The use of thermogravimetric analysis to characterize the metallic slag aggregates in structural concrete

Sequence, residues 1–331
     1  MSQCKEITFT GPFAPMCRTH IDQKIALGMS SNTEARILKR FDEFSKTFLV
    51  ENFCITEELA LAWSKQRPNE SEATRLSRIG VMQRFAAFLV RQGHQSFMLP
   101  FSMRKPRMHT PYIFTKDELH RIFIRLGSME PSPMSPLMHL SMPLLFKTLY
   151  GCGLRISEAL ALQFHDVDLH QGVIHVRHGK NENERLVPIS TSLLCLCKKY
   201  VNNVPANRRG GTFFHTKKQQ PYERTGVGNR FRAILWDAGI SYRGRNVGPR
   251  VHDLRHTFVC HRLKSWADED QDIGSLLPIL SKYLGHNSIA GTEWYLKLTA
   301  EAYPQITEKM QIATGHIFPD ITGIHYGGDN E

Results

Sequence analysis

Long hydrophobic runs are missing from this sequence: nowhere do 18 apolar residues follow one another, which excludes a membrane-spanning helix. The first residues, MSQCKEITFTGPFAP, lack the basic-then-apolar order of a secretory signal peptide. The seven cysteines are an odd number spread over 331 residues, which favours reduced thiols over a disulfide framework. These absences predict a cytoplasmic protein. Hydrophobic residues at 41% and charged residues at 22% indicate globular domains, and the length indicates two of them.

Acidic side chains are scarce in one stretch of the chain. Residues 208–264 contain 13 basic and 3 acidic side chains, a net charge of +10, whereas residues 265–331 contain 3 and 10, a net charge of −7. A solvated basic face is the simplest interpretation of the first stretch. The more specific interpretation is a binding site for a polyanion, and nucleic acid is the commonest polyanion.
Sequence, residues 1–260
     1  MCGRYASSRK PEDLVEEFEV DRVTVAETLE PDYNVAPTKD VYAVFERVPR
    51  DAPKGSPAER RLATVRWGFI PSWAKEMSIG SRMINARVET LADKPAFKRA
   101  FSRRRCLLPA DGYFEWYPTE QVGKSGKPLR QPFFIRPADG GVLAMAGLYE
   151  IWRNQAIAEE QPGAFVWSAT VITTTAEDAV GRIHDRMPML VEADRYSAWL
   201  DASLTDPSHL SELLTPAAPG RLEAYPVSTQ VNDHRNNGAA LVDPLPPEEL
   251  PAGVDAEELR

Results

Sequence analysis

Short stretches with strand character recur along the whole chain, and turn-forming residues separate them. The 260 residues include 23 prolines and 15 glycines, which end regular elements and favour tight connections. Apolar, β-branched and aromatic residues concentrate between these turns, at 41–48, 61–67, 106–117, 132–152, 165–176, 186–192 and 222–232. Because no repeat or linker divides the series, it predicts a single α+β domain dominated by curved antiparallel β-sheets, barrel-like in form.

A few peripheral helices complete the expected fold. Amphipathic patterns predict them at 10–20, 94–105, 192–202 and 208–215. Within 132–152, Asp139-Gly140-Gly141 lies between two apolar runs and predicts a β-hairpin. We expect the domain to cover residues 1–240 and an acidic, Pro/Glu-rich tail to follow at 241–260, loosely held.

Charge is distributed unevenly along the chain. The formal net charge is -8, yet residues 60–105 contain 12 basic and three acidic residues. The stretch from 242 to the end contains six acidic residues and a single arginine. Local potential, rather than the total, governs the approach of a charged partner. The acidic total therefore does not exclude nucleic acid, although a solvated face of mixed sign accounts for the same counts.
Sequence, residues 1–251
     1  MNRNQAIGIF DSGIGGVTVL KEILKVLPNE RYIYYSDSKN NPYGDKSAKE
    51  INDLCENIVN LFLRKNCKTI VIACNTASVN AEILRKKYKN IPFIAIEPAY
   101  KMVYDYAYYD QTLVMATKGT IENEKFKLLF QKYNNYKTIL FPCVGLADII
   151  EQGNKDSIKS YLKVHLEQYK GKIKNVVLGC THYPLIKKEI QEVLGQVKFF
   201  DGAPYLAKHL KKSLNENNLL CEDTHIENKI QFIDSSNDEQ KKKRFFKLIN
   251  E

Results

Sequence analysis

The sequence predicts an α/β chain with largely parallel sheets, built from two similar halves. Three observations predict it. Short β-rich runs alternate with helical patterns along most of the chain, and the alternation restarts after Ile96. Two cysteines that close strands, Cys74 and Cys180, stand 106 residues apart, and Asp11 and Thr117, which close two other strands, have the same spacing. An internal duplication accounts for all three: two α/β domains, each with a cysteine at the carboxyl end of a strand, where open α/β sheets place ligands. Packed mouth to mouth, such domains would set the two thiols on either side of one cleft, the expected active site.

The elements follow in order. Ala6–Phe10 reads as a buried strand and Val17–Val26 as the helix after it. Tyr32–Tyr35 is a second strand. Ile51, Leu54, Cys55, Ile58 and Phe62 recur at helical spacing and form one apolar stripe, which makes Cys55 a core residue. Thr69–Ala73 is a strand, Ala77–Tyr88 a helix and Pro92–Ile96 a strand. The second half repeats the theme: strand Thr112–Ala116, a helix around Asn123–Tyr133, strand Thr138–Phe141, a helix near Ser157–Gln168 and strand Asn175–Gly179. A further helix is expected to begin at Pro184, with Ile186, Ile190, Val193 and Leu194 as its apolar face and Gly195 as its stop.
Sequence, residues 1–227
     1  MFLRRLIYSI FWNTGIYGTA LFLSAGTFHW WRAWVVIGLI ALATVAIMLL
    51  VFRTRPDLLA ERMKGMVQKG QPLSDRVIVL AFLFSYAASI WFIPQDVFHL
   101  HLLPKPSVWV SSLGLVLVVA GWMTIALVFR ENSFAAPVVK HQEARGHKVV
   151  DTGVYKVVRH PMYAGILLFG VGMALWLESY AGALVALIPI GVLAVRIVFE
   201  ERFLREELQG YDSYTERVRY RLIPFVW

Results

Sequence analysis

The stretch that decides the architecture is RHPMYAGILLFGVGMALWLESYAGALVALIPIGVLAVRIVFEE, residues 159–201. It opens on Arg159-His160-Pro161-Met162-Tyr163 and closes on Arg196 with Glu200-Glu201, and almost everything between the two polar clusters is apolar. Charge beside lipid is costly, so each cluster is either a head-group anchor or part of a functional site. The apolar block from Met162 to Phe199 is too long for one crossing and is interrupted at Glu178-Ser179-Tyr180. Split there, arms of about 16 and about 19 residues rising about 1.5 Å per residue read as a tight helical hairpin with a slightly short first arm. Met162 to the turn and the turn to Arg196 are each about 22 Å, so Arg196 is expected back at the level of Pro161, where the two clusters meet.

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Structural concretes must have a set of chemical characteristics to present a satisfactory resistance to the degradation in environment conditions. Besides the several types of mineralogical compositions, the calcium-rich sulfates, silicates and aluminates phases appear as majority components, but the gypsum one seems to play the most important rule in morphological changes during the concrete cure. In this work, it was carried out several characterizations in commercial Portland cement and the structural concrete sample. Nitrogen adsorption isotherms at 77 K for Portland cement showed the thermal treatment at 500 ºC does not undergo significant decreasing in surface area due the high content of porous silicates and aluminates components. The additional resistance to the corrosion of structural concretes exposed at environment conditions can be associated to presence of slag metallic aggregates, which could be characterized successfully by thermal analysis. The amount of embedded metallic component in concrete sample was detected by typical weight gain originated form oxygen incorporation above 700 ºC.